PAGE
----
San Francisco City Attorney Dennis Herrera has sent subpoenas to Uber and Lyft that asks them to provide information pertaining to how each company classifies its drivers (W2 employees versus 1099 contractors), as well as pay and benefits.
The subpoenas also request a list of drivers who have either started or ended at least one ride in SF between 2015 to the present day and proof that any driver classified as an independent contractor meets the three criteria set forward by a recent California Supreme Court ruling. According to the April 30 ruling, companies must classify workers as employees unless they can prove the person is not under the control of the company, works outside the company’s general scope of business and has an independent business or job of the same nature of the work they do for the company.
“Lyft has a long track record of working collaboratively with policymakers, including the SF City Attorney, on important issues,” a Lyft spokesperson told TechCrunch. “We look forward to helping the City Attorney’s office fully understand Lyft’s business model, including our relationship with drivers.”
It’s worth noting that both Uber and Lyft generally describe their drivers as people who do this type of work as a side hustle, rather than as people who operate their own transportation companies.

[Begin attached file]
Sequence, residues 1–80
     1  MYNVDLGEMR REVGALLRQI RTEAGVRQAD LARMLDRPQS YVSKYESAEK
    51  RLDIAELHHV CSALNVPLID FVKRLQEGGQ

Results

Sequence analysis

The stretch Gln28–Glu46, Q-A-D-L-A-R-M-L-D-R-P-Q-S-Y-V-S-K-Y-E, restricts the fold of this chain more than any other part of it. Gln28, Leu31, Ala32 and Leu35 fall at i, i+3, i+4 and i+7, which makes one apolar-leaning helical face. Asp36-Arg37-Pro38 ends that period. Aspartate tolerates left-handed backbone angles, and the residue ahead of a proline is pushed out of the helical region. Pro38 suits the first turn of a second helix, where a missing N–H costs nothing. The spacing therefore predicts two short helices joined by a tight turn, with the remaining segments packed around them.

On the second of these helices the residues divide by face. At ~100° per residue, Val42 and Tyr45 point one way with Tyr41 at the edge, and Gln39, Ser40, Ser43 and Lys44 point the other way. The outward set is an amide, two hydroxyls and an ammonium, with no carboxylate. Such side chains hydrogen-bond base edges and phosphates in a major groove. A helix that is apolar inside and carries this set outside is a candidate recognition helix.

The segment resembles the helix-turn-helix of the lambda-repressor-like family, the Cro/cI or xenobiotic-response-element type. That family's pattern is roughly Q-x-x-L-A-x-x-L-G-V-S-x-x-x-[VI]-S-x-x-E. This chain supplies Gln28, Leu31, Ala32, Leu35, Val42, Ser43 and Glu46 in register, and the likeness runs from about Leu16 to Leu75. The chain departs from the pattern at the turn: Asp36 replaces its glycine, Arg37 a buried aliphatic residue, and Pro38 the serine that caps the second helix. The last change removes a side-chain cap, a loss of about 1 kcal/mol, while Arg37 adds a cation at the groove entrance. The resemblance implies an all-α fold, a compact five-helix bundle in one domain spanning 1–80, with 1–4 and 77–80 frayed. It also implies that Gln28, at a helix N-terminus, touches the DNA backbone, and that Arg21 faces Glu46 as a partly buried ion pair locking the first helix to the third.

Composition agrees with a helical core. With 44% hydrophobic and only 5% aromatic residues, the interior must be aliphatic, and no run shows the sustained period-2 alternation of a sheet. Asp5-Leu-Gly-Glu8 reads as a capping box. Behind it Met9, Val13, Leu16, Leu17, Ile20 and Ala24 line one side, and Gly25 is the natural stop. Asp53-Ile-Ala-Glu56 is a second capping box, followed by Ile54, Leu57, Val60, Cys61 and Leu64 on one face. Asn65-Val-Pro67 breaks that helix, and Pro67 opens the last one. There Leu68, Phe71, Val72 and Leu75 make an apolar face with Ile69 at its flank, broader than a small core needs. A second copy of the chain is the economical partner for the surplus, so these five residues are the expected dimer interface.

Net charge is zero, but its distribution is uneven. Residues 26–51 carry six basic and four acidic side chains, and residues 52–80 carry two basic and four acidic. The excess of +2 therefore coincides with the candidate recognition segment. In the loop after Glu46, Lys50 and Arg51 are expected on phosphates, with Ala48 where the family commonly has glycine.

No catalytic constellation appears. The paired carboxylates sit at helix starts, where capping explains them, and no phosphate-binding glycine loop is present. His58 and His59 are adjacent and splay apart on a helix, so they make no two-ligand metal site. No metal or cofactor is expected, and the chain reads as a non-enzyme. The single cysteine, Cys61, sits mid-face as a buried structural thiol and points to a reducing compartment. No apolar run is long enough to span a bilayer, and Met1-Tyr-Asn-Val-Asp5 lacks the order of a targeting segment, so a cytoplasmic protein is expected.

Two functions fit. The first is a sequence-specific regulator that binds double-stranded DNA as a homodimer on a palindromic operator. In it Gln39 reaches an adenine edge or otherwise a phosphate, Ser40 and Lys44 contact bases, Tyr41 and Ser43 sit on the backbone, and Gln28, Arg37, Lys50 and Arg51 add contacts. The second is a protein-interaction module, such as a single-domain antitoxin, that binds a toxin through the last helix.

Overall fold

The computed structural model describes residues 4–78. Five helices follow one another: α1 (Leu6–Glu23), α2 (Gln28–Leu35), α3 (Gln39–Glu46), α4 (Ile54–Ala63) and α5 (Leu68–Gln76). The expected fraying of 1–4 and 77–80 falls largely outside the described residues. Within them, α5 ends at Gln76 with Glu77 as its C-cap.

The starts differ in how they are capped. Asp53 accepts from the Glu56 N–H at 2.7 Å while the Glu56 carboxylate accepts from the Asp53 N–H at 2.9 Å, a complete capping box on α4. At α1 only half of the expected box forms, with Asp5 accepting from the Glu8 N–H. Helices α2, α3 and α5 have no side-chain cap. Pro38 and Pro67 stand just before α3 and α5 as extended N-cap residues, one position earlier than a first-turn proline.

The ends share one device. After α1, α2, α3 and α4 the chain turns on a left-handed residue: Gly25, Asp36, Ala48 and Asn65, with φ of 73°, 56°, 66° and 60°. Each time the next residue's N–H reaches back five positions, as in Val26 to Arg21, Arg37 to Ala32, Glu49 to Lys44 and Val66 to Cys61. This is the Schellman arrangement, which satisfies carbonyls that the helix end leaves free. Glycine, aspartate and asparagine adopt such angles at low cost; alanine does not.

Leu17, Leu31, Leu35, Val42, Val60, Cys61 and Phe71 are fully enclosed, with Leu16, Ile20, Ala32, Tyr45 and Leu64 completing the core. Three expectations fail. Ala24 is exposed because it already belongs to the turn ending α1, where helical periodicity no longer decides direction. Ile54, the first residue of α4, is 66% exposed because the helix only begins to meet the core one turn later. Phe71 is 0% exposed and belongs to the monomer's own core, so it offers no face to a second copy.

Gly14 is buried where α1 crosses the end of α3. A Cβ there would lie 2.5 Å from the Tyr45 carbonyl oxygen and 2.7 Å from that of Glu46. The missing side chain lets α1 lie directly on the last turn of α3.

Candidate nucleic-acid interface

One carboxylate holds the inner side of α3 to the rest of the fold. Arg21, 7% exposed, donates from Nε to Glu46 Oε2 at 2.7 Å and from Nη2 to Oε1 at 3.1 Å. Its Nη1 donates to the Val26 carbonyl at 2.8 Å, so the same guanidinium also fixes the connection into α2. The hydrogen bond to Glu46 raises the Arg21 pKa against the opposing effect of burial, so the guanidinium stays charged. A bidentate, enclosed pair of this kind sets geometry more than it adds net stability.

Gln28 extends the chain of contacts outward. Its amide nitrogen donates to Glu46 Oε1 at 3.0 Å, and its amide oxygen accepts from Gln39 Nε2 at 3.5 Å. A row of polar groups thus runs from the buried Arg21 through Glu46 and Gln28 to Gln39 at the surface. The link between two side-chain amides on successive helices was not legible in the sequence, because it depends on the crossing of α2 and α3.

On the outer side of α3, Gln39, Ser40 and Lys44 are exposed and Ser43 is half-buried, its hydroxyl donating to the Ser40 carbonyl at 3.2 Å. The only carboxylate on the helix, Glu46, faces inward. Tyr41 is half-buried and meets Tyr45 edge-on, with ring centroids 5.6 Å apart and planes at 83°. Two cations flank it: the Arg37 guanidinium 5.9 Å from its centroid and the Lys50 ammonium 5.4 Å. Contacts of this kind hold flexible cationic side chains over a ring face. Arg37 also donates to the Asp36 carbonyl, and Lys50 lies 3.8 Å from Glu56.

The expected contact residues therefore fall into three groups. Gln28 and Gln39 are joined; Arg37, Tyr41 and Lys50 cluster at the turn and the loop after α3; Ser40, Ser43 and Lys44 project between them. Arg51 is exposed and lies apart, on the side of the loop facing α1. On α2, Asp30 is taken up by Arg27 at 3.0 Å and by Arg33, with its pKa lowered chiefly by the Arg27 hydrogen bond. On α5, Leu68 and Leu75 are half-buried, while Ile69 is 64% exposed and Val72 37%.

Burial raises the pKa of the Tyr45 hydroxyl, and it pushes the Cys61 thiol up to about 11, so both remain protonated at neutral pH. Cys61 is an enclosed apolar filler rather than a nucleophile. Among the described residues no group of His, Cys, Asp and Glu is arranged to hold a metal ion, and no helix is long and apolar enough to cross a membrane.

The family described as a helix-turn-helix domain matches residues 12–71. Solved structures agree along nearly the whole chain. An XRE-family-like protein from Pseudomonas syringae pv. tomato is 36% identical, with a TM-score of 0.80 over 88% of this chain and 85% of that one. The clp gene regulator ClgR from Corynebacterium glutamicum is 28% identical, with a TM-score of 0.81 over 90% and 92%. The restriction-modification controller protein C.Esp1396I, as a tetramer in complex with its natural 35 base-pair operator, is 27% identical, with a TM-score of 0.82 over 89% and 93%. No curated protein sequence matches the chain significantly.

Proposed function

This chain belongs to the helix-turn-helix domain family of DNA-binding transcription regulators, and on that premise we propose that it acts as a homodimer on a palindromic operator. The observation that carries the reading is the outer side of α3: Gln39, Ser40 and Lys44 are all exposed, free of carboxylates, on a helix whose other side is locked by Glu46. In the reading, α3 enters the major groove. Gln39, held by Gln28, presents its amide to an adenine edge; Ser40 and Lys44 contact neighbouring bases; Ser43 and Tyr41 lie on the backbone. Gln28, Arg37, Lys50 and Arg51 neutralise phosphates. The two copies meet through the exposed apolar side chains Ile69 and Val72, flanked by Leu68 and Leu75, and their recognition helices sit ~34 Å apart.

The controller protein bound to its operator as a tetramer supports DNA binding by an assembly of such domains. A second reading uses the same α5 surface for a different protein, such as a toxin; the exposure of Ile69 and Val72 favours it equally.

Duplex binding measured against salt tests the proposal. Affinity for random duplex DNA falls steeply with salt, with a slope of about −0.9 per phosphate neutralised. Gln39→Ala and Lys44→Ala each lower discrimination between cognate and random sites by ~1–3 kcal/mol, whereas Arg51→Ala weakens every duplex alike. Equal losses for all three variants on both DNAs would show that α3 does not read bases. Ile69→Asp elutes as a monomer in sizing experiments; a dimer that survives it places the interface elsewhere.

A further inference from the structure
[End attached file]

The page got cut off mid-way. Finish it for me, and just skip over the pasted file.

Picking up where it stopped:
“The argument that these companies have tried to use in the past — that they’re just a technology platform — doesn’t pass the smell test,” Herrera said in a press release “People go to Microsoft or Salesforce for software. People go to Uber or Lyft for a ride.”
With the subpoenas, Herrera wants to ensure Uber and Lyft are legally classifying their drivers as independent contractors. If not, then Uber and Lyft must offer drives minimum wage, sick leave, health care and paid parental leave.
“San Francisco’s laws help ensure that employers provide a fair day’s wage for a fair day’s work,” Herrera said. “Our laws also guarantee employees basic humane benefits like sick leave, health care, and paid parental leave. We are not going to turn a blind eye if companies in San Francisco deny workers their pay and benefits. We are not going to tolerate any company shirking its responsibility to pay for benefits and shifting that burden onto taxpayers when drivers without health insurance turn to the emergency room. If your company is valued at $62 billion, you can afford to give your workers health care.”
I’ve reached out to Uber and will update this story if I hear back.